Volkswagen factory

Wolfsburg is in the German state of Lower Saxony.


Wolfsburg hosts the worldwide headquarters of the Volkswagen car manufacturer. It was built and founded in the 1930s as a place to live for the employees of Volkswagen (literally: People's car) and the factory still dominates the scenery. While it was founded by the Nazis and Hitler personally loved all symbolism associated with wolves (he interpreted his first name to be related to the word "wolf"), the town only officially got its name after the war being called "Stadt des KdF-Wagens bei Fallersleben" (city of the strength through joy car near Fallersleben) during the Nazi-era. Wolfsburg is a rare case of a German town that was founded in the 20th century (other examples include Salzgitter and Eisenhüttenstadt) and as such it is often ridiculed as bland, generic and without history, however the suburb of Fallersleben (the author of Germany's national anthem, Hoffmann von Fallersleben is originally from that town) used to be an independent town and there is a castle, that gave Wolfsburg (literally castle of the wolf) its name. During the 50s and 60s Wolfsburg attracted many immigrants and most of them came from Italy, which is still visible in the city today, and some of the Italian quarters have gotten the nickname Castellupo (Italian calque of Wolfsburg) over time.

The Mittellandkanal and the railway-line (which both existed before Wolfsburg was founded) served as primary drawing factors to put Volkswagen there, and still serve as a rough dividing line with most of the plant north and most of the city south of it.

Get in

Wolfsburg is easily accessible by road and rail.

By train

The main line rail station is located at Wolfsburg Hauptbahnhof, Willy-Brandt-Platz 3, and there are regular services to many destinations. There is regular direct ICE service from/to Berlin (in fact some people use the ICE for their daily commute on that route) but for many other connections you'd have to change trains in Brunswick and/or Hanover. There are big parking lots next to the train station and you can easily leave your car there for several days.

By road

By road simply take junction 5 off of the A39 and head towards Wolfsburg-Morse.

By plane

While there is an airport close by, it is mostly used by VW and thus chances are for most flights you will fly to/from Hanover (IATA: HAJ) or Hamburg (IATA: HAM). Frankfurt airport(IATA: FRA) is also often an option worth considering.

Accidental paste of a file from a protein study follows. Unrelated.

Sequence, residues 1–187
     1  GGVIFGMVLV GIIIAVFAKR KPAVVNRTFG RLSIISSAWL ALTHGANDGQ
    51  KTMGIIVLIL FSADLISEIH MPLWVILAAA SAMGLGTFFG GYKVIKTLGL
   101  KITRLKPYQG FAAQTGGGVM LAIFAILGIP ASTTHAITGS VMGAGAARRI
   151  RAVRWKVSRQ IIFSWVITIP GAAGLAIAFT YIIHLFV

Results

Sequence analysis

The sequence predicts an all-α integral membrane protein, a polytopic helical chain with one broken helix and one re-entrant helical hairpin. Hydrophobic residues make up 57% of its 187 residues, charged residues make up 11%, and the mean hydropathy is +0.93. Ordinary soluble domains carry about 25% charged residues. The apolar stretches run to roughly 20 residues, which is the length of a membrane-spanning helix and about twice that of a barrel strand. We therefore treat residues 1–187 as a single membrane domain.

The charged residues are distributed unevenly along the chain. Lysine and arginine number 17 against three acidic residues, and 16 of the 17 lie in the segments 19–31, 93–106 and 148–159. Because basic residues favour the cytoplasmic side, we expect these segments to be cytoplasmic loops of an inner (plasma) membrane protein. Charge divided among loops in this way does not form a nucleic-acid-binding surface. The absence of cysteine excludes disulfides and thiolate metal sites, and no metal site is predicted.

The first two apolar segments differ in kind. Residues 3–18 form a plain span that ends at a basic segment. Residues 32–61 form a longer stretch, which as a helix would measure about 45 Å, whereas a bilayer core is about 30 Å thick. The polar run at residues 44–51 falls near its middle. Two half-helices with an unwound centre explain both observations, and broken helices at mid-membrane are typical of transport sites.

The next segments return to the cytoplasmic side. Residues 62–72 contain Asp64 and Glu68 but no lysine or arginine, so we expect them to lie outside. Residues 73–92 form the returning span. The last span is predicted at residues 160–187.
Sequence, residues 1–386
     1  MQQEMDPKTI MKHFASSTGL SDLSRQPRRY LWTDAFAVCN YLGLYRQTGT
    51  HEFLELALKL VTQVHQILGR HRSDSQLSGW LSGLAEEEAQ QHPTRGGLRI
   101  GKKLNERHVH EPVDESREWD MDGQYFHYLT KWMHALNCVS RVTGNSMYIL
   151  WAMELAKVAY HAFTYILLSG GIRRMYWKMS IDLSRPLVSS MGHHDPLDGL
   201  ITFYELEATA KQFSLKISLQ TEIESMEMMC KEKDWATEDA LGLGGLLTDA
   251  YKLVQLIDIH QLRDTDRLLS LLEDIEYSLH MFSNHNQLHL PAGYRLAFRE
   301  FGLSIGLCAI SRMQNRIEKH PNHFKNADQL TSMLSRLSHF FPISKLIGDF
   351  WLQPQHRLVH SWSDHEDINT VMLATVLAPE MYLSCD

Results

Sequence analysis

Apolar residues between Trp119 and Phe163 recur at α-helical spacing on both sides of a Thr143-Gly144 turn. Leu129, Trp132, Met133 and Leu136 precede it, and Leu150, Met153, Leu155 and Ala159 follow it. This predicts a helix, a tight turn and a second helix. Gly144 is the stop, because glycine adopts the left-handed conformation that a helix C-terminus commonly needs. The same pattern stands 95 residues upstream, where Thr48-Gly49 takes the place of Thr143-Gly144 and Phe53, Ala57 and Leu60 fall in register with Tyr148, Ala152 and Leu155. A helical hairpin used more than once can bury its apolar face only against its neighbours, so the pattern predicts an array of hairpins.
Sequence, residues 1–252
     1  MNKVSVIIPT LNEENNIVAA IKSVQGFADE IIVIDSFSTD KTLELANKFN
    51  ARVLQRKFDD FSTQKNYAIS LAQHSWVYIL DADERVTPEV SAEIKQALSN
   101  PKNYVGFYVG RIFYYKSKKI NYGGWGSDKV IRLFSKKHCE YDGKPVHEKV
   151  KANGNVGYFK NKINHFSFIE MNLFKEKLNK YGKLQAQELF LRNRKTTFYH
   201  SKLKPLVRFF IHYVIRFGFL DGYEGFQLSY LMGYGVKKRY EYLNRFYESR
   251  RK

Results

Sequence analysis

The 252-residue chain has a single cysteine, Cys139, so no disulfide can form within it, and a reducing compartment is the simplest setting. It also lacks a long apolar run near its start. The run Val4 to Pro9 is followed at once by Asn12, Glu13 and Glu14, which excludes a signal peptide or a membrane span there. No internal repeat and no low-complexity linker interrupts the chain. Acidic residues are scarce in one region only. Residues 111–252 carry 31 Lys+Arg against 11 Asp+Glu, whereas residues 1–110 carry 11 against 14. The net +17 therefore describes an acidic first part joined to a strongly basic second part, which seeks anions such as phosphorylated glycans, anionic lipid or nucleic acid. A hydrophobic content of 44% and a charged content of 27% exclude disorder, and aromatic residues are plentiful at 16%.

Get around

Perhaps surprisingly for a city built on for and by the automobile, walking is the best option. Everything is close to each other in the city and the downtown core is largely pedestrianized. Wolfsburg has a public bus system that will get you to most suburbs and outlying parts of town. There is no light rail or tram, but regular rail service also has stops in Fallersleben (technically part of Wolfsburg, but much older) and several other places.


Wolfsburg Castle

Wolfsburg is quite a modern city having been built, in the main, from 1938 on to house workers from the newly built VW factory. However, its castle dates from 1600 and today houses the Stadtmuseum. It has a rundown of the city's history from 1938, when the VW plant was founded, to the present day. There's also a small regional history museum and two art galleries that host rotating exhibitions.


The fire tornado as shown in the phaeno science center


Porschestraße is the principal commercial street of the town and was pedestrianized after serving as one of the prime traffic axes in the earlier years of Wolfsburg's history. There are several chains and mall along this road as well as some regular events such as farmer's markets.




Go next

This article is issued from Wikivoyage - version of the Thursday, January 21, 2016. The text is available under the Creative Commons Attribution/Share Alike but additional terms may apply for the media files.